Hi-res Nino1.2 & 3.4: (10/28) The latest images indicate cold anomalies were on the equator from Ecuador west to the dateline and solid in density over that entire and large area. Colder anomalies were imbedded in that flow between 110W to 150W and growing in coverage today. Cool anomalies were also holding along the coasts of Chile and Peru. This clearly indicates a well developed version of La Nina filling the entire equatorial Pacific and down into Chile. Warm water was all but gone off Central America north of the equator. Overall the cool pool on the equator was unmistakable and starting to show signs of rebuilding after previously being stalled.
Hi-res 7 day Trend (10/28): Temps were cooling on the equator from Ecuador to 155W before moderating west of there.
Hi-res Overview: (10/28) A stream of consistent cool water is well entrenched from Chile up to Peru and Ecuador then tracking west on the equator out to the dateline and west to New Guinea with markedly cool anomalies between 110-150W. A clear La Nina signal is depicted.
Nino1.2 Daily CDAS Index Temps: (10/29) Today's temps were steady at -1.599 degs and previously were down to -2.138 on 8/13. The trend has been steady but quite cold since June.
Nino 3.4 Daily CDAS Index Temps: (10/29) Temps were falling again today at -1.535 beating the previous low of -0.945 on 9/22. The previous low before that was -0.733 on 9/10. Temps have been on a steady decline since 7/25. Overall the trend appears to be in a steep decline.
CFSV2 Forecast for Nino3.4 Sea Surface Temp (SST) Anomalies & Current SST Anomalies
SST Anomaly Projections
CFSv2 Uncorrected Data (10/29) Today the model indicates temps at -1.2 degs. The forecast depicts a steady downward trend to continue reaching -2.4 degs in mid-Jan then beginning to rise, rebuilding up to -0.25 degs in mid-July. This is becoming a 2 year event in that even after temps return to 0/normal it will take 3-5 months for the upper level circulation to respond in kind.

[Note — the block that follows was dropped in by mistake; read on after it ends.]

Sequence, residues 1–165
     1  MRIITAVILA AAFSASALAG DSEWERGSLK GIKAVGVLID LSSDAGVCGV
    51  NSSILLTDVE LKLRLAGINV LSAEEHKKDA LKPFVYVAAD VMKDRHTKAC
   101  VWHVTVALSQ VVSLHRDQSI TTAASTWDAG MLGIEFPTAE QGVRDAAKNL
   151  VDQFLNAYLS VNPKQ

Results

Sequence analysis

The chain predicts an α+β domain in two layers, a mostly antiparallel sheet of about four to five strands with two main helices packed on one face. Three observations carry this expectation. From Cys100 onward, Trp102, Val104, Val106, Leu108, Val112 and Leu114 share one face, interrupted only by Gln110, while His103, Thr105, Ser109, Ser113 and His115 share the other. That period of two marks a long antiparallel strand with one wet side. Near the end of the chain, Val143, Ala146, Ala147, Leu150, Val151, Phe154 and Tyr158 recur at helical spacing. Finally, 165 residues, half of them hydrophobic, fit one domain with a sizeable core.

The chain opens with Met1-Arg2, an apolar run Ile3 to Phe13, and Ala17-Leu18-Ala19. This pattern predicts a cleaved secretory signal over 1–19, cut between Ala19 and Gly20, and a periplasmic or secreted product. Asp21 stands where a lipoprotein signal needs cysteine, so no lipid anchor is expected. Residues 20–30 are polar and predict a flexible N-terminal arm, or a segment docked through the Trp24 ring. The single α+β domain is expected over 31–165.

IRI Consensus Plume: The Sept 21, 2020 Plume depicts temps are at -0.75 degs today, and are to fall in Nov to -0.85 degs then moderating and starting to rise some to -0.54 by Jan 2021 and then neutral by April. The low outliers are dynamic models (NASA GMAO, NCEP CFSV2). But most model are suggesting a moderate La Nina returning to Neutral in the late Spring. See chart here - link.
Atmospheric Coupling (Indicating the presence of El Nino in the atmosphere driven by the ocean):
Southern Oscillation Index (SOI) (negative is good, positive bad - this is a lagging indicator) (10/29): The daily index was negative today at -13.93. The 30 day average was falling slightly at +4.37. The 90 day average was rising some at 7.47, suggesting the current Active MJO was having some limited impact on the deep state La Nina pattern. This index is a lagging indicator.
ESPI Index (like SOI but based on satellite confirmed precipitation. Positive and/or rising is good, negative and/or falling is bad): June -0.67, May -0.46, April 2020 -0.69, March -0.09, Feb +0.65, Jan +0.42, This index was steady positive Aug 2018 through Feb 2020, and now is steady negative, but only weakly so.
Pacific Decadal Oscillation
Per NOAAs index recent values: Jan 2018 +0.29, Feb -0.19, Mar -0.61, April -0.89, May -0.69, June -0.85, July -0.09, Aug -0.43, Sept -0.46, Oct -0.75, Nov -0.78, Dec -0.12, Jan 2019 -0.18, Feb -0.50 Mar -0.23, April +0.10, May +0.14, June -0.11, July +0.44, Aug -0.14, Sept +0.05, Oct -0.96, Nov -0.28, Dec +0.01, Jan 2020 -1.17, This continues to look like the warm phase of the PDO. No consistently solid negative readings have occurred since Feb 2014
The Washington/JISAO index (Jan-Dec): Jan 2018 +0.70. Feb +0.37, Mar -0.05, April +0.11, May +0.11, June -0.04, July +0.11, Aug +0.18, Sept +0.09. No real negative readings have occurred since Dec 2013
The PDO turned from a 16 year negative run (Jan 98-Feb 2014) in early 2014 and has been positive ever since (other than a few months of negative readings in Fall 2016, the result of a turn towards La Nina). Looking at the long term record, it is premature to conclude that we have in-fact turned from the negative phase (La Nina 'like') to the positive phase (El Nino 'like'), but the data strongly suggests that could be a possibility. By the time it is confirmed (4-5 years out), we will be well into it.
See imagery in the ENSO Powertool
External Reference Material: El Nino Southern Oscillation (ENSO), Madden Julian Oscillation (MJO), Pacific Decadal Oscillation (PDO), Southern Oscillation Index (SOI), Kelvin Wave